Kiamichi River


The name Kiamichi comes from that of a nearby Caddo Indian village and is thought to mean “noisy bird,” perhaps in reference to the river’s large population of woodpeckers.  The Kiamichi flows southwest, past Pine Valley and Clayton to Antlers, where after a course of 165 miles, it turns southeast and joins the Red River south of Fort Towson in southeast Choctaw county.   The ideal season for kayaking the Upper Kiamichi River is March through June or October through November.


The stretch of Kiamichi River starting at Pigeon Creek running west to the bridge at 259 is approximately 7 miles long and has been rated as a class II-III section by American Whitewater. There is a put-in location, easily accessible and is a close drive from any of our cabins or our partner facilities.  This stretch is mid length and perfect for a one-day trip.  Running almost year round, the river can be paddled anytime there is adequate water conditions and weather will allow.  There multiple locations where narrowing and low water conditions will require some dragging or carrying to continue.


The Kiamichi is rated Class II to III on a maximum gradient of about 30 fpm amid beautiful forested banks and boulder garden rapids, though most of it is flatwater on a gentle gradient of about 7.21 fpm. Though not perpetual, the Kiamichi River usually has an adequate flow for paddlers to enjoy other than in the dead of summer or during periods of extended drought conditions. It is also extremely remote, with few opportunities for outside emergency assistance to reach you on the river, so be prepared for a true wilderness run anywhere on this river, but especially above Clayton.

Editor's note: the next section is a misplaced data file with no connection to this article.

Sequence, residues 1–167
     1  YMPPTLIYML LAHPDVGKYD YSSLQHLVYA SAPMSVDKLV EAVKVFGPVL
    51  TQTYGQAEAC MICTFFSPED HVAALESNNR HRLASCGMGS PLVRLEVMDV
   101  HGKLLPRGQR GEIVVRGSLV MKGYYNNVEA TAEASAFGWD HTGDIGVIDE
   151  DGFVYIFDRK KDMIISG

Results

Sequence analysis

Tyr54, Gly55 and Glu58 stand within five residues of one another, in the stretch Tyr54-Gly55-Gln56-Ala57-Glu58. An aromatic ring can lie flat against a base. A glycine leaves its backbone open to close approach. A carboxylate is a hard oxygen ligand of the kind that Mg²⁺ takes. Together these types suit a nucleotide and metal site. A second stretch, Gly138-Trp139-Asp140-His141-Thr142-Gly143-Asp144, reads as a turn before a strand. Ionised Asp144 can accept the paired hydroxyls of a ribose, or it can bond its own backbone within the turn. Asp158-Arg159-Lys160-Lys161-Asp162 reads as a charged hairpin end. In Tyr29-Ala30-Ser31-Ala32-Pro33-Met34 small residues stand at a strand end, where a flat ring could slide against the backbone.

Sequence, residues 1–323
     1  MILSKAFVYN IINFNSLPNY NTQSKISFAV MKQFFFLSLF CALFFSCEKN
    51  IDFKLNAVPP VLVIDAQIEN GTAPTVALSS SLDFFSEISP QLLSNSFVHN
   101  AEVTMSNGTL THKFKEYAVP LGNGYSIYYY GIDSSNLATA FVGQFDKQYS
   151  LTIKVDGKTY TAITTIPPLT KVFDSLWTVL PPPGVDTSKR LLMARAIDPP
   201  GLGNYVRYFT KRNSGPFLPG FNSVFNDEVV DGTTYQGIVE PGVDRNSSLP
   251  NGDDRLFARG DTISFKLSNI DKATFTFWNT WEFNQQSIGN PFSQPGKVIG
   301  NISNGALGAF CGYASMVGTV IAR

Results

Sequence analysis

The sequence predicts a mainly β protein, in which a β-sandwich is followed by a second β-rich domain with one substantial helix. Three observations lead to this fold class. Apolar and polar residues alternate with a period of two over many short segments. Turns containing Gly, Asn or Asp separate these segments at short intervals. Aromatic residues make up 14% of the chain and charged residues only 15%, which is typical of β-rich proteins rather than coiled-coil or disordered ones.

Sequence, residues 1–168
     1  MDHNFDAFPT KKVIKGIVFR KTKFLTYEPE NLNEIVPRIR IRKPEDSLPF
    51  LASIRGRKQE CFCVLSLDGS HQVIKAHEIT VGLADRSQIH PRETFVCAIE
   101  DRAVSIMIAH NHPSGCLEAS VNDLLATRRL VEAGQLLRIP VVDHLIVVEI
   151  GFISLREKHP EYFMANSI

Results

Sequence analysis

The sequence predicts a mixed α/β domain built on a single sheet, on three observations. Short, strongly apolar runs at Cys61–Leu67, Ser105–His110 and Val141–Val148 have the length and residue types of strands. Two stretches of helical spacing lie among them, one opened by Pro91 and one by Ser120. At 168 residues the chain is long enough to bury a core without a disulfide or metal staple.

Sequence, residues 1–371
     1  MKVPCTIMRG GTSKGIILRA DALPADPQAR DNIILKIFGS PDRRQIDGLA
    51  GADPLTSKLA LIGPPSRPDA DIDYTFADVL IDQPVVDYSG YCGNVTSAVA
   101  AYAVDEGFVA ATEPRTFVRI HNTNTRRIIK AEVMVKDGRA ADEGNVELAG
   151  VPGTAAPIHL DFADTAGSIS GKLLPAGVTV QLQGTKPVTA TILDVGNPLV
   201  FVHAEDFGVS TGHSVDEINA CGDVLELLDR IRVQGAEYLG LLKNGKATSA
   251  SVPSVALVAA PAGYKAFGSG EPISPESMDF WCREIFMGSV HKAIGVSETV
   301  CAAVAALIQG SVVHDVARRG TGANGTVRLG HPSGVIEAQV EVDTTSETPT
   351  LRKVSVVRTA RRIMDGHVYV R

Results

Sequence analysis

The upper river channel is narrow and densely lined with several species of trees, widening occasionally before constricting again. In low water conditions paddlers should be prepared to walk carrying or dragging boats and gear between pools, which are generally separated by only short distances over rocks and small plants that clog the river channel. This is especially true in the uppermost 9 miles above Forest Road N4700.


If you are looking for a truly remote place to paddle away from the maddening crowd, then the Upper Kiamichi River is that place! The area is very scenic, so bring a camera. The next time you are heading to the Upper Mountain Fork you might want to take a little longer and drive to the Kiamichi River less than an hour west of the Upper Mountain Fork for a closer inspection. You might just discover a hidden gem in the Ouachitas that will make you return again.